The Biden Budget’s Medicare Mirage


President Biden has used his budget proposal to Congress to position himself as a champion of Medicare and Social Security. Even before the budget’s official release, Biden took to the guest essay pages of the New York Times
to outline his plans to tackle Medicare’s looming insolvency.

It’s good that the administration is at least acknowledging the need for action to shore up the finances of these vital social insurance programs and has offered a few concrete proposals to do so. But the specifics of his plan are both convoluted and problematic, and the large shortfalls that would remain even if the president could enact his policy wishlist make clear the need for policymakers to consider a much broader menu of options.

Biden’s Medicare proposals are largely limited to increasing revenue for the Hospital Insurance (HI) Trust Fund, which finances Part A benefits (hospital services, nursing facilities, home health assistance, and hospice care) and is projected to run out of money in just five years. If no action is taken before then, payments would be limited to what can be financed by incoming revenue, resulting in an automatic spending cut of roughly 10%. The Biden budget would increase the dedicated taxes that finance Part A by about 30% — but only for people with annual incomes over $400,000. This is a real revenue increase that would delay the trust fund’s insolvency by several years.

But HI only finances about 40% of Medicare spending. Medicare Part B (outpatient services and medical equipment) and Part D (prescription drugs) benefits are financed by the Supplemental Medical Insurance (SMI) trust fund. Biden’s budget proposes to achieve savings in Part D by expanding on the government’s authority to negotiate prescription drugs, which was created in last year’s Inflation Reduction Act.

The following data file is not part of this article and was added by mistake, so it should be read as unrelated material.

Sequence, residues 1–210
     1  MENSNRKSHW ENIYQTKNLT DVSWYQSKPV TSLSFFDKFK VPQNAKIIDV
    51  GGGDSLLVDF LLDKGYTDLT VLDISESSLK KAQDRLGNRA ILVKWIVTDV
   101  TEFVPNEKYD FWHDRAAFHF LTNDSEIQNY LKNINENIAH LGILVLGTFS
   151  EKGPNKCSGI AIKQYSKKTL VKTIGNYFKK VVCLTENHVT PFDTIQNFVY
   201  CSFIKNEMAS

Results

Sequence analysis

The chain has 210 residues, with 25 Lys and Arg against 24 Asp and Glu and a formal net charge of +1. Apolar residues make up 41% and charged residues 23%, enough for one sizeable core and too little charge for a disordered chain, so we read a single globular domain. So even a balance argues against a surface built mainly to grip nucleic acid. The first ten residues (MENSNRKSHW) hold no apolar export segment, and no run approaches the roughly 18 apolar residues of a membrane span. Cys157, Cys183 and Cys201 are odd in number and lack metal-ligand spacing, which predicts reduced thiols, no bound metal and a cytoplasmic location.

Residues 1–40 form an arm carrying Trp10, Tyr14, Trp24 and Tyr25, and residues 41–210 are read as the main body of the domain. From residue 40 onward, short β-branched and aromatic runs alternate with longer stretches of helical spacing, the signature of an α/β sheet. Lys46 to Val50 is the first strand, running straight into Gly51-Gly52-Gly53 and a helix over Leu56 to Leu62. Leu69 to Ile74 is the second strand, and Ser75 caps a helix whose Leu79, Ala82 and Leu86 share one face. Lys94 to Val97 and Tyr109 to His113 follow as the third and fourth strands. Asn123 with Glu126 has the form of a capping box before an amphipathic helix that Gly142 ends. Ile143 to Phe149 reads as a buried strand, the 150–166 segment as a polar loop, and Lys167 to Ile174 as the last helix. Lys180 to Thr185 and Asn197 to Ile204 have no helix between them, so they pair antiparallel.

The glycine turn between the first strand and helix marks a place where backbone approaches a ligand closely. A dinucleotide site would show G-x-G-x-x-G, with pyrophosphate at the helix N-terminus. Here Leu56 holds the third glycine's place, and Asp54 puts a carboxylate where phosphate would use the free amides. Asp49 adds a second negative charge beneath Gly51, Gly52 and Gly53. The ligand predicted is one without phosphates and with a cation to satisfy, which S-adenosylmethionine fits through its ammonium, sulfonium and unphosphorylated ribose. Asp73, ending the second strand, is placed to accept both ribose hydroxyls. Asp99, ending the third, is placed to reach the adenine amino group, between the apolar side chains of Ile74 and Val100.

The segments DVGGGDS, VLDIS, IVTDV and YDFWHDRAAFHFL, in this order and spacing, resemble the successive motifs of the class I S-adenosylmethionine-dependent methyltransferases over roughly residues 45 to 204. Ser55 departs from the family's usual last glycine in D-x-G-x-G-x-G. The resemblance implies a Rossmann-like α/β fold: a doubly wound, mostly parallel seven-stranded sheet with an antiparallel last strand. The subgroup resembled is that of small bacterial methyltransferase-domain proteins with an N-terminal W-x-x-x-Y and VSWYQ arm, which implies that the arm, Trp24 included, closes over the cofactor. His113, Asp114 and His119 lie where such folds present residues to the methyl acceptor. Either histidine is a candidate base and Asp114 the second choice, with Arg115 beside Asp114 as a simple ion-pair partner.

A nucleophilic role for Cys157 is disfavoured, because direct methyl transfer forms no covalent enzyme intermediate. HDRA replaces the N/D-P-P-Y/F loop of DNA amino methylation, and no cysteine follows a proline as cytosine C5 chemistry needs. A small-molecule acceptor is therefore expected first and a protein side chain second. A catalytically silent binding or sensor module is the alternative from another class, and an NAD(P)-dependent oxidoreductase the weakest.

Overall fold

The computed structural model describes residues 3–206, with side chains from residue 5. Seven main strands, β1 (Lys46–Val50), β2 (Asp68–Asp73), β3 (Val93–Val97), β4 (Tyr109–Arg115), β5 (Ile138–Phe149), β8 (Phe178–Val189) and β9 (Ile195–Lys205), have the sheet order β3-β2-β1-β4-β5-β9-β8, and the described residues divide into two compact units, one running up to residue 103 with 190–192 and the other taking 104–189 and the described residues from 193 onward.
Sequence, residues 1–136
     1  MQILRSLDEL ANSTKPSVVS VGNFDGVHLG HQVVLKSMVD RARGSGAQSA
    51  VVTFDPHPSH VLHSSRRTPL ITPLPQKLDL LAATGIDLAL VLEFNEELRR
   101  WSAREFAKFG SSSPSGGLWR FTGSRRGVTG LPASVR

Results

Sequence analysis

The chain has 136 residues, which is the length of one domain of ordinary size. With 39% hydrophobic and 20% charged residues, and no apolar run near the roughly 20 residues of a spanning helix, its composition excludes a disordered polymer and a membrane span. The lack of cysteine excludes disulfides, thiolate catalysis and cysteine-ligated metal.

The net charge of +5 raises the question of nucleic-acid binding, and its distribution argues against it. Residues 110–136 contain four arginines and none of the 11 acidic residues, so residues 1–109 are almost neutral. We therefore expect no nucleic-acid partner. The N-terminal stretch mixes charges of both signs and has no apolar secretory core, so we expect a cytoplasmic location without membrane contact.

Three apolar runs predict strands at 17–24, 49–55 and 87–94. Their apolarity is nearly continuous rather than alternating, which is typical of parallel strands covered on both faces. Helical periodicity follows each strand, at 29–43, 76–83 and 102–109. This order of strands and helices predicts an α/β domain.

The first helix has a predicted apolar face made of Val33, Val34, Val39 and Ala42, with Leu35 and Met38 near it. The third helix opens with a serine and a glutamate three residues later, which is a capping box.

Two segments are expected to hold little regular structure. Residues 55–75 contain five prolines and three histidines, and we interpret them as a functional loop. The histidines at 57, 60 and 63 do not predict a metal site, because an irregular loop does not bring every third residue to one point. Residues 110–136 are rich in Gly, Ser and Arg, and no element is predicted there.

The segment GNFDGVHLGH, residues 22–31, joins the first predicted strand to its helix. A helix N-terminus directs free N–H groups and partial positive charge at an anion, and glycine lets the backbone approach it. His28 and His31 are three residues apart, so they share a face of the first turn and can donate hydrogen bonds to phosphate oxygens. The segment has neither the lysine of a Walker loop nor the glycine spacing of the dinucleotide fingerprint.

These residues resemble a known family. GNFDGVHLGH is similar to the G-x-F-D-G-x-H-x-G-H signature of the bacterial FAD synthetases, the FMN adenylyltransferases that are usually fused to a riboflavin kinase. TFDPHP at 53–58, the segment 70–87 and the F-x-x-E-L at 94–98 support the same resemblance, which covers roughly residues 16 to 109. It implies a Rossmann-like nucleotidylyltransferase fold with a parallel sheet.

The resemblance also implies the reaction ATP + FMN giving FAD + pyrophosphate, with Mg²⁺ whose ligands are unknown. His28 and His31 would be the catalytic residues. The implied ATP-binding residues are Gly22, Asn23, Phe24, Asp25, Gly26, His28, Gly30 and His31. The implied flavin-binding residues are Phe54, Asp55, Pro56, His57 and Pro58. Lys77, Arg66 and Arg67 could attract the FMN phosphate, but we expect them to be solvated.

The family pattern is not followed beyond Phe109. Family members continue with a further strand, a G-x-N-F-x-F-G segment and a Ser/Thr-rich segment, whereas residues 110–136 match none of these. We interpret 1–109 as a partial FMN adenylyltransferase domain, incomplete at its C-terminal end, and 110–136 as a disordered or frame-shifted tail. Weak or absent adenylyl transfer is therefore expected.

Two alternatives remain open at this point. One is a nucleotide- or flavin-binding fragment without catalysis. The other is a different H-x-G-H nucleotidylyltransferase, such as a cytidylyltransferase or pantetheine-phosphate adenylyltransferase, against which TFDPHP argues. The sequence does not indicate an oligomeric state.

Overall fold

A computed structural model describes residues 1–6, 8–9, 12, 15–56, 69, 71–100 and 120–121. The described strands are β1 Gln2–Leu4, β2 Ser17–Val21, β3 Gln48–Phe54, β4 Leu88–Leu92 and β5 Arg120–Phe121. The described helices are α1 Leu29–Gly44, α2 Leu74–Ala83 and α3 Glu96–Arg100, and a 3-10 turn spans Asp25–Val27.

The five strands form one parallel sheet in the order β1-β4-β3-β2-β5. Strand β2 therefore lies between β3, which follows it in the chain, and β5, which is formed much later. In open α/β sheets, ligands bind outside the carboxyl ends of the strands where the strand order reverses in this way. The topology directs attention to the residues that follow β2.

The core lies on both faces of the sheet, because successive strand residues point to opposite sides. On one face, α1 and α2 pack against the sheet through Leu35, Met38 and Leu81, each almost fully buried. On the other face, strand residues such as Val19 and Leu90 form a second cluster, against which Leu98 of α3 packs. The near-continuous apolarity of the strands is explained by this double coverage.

However, the president’s budget doesn’t do the logical thing and credit the savings from prescription drug negotiation to the SMI trust fund that pays for prescription drug benefits. The administration proposes these savings, as well as the savings already achieved by the Inflation Reduction Act, instead be credited to the Hospital Insurance trust fund. The reason for this bait-and-switch comes down to the complicated nature of Medicare’s dual trust fund structure. While HI is designed to be almost entirely financed by dedicated revenue sources including payroll taxes and premiums, dedicated revenue sources only make up a quarter of SMI financing. The remainder is automatically covered by general revenues or money the government borrows to cover its trillion-dollar deficits.

Because SMI can never become insolvent the way Hospital Insurance can (and thus does not trigger automatic spending cuts when dedicated revenues fail to keep up with spending), its financial challenges are less visible. But the finances of SMI are in fact more unsustainable than HI: According to last year’s Medicare trustees’ report, between now and 2050, annual SMI spending as a share of total economic output will increase by an amount 1.7x as large as the annual deficit HI is projected to run in 2050.